A licensed psychologist is a psychologist who has graduated with a Ph.D. or Psy.D. from an accredited program in psychology. Usually, the program will fall into one of the following domains: clinical psychology, counseling psychology, or school psychology. A Ph.D. or doctorate of philosophy includes extensive coursework, a pre-doctoral internship and a dissertation. Ph.D. programs are often very research-focused. In contrast, a Psy.D. or doctorate of psychology is often a more clinical program with less of a research component. A Psy.D. also requires an internship and a publishable paper/ project. Some Ph.D. programs may have fewer research requirements, and some Psy.D. programs may have more research, as every program is unique. However, the research component is generally the difference. The American Psychological Association (APA) outlines certain training standards for programs in these disciplines. Programs must meet these standards in order to be APA-accredited.
A neuropsychologist also completes a Ph.D. program and has additional rotations, often with medical school students, focusing specifically on understanding the structure and function of the brain and how the brain impacts psychology and behavior. Often, neuropsychologists only provide assessment. They have expertise in traumatic brain injury and memory. Some neuropsychologists also provide treatment in form of psychotherapy.
For all of these clinicians, after a pre-doctoral internship and dissertation (or publishable paper for Psy.D.) defense, the degree is conferred, and the clinician is called “doctor.” Clinical, counseling, neuropsychology and school psychology programs are all different, but each of these clinicians may diagnose. Clinical programs focus on the treatment and diagnosis of mental health conditions, often across the lifespan. School psychology programs focus on the age range of birth to age 22 and have special consideration for the diagnosis and treatment of disabilities that impact education, such as Attention Deficit/Hyperactivity Disorder (ADHD), learning disabilities, Autism, Traumatic Brain Injury (TBI), anxiety and depression. Counseling psychologists focus on assessment, but they tend to have more emphasis on treatment models and therapeutic tools. Neuropsychologists have emphasis on the structure and function of the brain and often do more assessment than treatment. Each of these psychologists is eligible to become licensed and thus can be called a “licensed psychologist.” In order to diagnose and treat an individual in a clinical setting, without supervision, a psychologist must become licensed. Neuropsychologists can also pursue an additional “board certification in neuropsychology” by taking additional boards not unlike what a medical doctor does.
To become licensed, a psychologist must meet the state standards for post-doctoral work experience, complete an ethical standards test, go through various paperwork processes documenting their practical experience and sometimes sit for oral board exams. Each state has different requirements to obtain and maintain a license. Each state requires a psychologist to take and pass the Examination of Professional Practice in Psychology (EPPP). Once a psychologist has gone through this rigorous process, he or she is granted a license that is regulated by the state. Most states require biannual professional development and renewal of licensure.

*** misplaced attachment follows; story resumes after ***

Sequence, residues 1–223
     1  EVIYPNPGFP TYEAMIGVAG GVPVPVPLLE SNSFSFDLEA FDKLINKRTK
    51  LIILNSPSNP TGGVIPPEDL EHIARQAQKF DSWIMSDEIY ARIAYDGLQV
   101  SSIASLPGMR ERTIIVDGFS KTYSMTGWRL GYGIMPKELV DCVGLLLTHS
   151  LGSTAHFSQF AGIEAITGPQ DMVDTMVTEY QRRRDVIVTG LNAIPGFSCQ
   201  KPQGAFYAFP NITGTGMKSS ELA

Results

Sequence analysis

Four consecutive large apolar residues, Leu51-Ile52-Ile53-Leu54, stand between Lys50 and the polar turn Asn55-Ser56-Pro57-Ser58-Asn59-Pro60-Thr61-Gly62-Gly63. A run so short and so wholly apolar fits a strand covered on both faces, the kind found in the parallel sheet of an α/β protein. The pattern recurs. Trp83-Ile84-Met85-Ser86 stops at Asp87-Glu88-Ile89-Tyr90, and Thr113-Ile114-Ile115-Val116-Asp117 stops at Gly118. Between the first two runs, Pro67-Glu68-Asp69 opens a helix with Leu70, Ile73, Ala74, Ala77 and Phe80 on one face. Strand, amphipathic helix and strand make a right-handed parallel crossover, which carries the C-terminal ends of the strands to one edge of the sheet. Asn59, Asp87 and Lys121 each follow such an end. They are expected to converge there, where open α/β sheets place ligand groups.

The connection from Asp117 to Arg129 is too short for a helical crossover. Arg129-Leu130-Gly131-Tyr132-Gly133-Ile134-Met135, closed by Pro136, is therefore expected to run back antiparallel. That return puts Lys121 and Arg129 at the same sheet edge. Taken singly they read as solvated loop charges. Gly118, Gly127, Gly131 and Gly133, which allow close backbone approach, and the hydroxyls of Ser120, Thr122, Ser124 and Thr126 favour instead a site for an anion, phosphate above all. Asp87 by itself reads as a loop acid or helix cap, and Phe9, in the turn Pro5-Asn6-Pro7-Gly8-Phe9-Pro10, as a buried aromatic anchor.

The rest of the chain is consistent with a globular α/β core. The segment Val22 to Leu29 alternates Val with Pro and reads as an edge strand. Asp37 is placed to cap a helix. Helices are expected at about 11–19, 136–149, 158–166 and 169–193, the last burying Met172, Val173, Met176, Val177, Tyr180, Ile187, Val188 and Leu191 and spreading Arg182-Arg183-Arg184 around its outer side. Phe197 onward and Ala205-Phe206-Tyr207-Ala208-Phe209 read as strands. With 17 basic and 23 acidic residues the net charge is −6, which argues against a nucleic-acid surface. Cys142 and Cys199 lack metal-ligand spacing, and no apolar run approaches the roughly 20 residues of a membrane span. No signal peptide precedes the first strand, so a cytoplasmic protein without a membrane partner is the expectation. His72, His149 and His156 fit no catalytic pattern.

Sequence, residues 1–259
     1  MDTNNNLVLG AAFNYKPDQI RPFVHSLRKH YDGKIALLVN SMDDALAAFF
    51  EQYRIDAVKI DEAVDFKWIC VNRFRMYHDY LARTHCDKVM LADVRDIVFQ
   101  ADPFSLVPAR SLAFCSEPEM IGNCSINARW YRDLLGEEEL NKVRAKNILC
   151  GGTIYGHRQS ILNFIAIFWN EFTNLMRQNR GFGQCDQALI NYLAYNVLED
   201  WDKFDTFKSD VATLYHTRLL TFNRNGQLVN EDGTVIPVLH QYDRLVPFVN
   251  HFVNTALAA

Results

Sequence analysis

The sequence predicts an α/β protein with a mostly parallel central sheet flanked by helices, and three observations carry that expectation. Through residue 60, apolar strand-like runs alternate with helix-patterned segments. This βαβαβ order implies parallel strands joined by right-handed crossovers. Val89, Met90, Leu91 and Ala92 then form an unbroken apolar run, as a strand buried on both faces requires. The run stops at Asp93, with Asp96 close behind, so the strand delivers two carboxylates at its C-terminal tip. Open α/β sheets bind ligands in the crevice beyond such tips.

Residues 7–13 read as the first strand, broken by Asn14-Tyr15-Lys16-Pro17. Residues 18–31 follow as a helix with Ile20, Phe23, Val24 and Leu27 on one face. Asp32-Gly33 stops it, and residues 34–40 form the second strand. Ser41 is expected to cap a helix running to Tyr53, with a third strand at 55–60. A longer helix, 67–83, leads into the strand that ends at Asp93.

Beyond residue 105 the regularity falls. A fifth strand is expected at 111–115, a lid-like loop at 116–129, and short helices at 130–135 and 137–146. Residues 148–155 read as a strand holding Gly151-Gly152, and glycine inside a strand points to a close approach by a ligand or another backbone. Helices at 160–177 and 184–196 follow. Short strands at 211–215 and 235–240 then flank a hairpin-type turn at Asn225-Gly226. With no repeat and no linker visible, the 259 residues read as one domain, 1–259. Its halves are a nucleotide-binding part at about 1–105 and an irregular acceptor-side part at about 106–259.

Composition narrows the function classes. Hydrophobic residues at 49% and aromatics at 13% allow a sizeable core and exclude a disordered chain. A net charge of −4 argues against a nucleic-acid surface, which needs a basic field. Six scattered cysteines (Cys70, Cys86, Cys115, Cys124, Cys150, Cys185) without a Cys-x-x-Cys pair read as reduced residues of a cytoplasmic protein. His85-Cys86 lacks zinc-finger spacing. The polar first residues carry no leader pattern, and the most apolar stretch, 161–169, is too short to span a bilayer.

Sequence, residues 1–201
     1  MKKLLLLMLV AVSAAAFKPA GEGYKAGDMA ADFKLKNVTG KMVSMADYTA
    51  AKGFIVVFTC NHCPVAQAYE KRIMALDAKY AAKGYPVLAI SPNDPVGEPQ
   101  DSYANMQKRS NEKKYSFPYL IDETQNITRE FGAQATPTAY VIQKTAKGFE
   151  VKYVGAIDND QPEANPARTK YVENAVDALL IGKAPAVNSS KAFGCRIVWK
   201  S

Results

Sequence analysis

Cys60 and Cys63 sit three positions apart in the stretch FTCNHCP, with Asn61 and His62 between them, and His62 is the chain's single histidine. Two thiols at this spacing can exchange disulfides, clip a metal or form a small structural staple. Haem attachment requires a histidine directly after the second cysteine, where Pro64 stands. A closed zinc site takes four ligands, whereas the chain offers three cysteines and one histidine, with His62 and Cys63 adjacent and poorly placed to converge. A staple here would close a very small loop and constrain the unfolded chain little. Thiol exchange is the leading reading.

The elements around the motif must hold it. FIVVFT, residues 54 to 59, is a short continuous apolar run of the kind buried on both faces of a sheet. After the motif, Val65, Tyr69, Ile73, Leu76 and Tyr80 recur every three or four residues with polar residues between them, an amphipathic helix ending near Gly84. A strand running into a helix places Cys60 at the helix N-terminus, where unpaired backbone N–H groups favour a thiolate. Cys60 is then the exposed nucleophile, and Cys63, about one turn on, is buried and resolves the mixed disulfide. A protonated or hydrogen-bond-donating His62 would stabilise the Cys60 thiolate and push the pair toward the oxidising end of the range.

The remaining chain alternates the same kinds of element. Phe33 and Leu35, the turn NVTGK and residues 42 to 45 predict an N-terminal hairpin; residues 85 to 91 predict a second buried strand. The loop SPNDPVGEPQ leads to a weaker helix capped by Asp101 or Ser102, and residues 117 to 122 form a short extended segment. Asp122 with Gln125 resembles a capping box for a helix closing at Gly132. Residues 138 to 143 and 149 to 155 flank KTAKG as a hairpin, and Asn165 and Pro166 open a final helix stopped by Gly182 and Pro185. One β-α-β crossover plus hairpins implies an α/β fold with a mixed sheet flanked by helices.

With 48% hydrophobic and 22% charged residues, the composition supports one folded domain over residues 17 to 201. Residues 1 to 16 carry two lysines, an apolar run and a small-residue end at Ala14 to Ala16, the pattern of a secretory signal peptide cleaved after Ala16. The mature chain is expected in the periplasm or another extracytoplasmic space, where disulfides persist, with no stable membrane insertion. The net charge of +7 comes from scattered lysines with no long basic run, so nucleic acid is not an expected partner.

A doctoral level psychologist does not have to pursue licensure or maintain a license. Some psychologists with university positions may choose not to be licensed. You do not have to be licensed to teach and do research. A doctoral level school psychologist may choose to work in a school setting. School psychologists working in a school setting do not diagnose; they make educational identification. This professional may be a doctor but may not be able to diagnose your child because they may not hold a license for clinical practice. Often, school psychologists do not pursue licensure, but if they want to work in clinical practice, they must.
How can I find a Licensed Psychologist?
This aspect can be challenging. Your insurance company keeps a list of covered providers in your area. That list may not specify what the psychologists specialize in, e.g., therapy, evaluation, children, adults, ADHD, or Autism. You will have to call or visit the website to learn more about each provider. Often, your pediatrician can provide you with a few names of organizations that specialize in your area of concern. If your doctor cannot provide this information, you may call the closest large hospital for a referral. This process will be easier if you are looking for an evaluation to rule out a specific concern. Search for a parent group via the “parent to parent” website or a known website with authenticity like “the autism society of Baltimore” or “CHADD- children and adults with attention deficit disorder.” Visit our ever-growing provider list to look for a provider in your area. If you are googling to find a licensed psychologist, look carefully for that licensure information. Search the provider on your state licensing board website to verify their license and to see if there is disciplinary action against them. Look at the provider’s areas of specialty and age of clients served.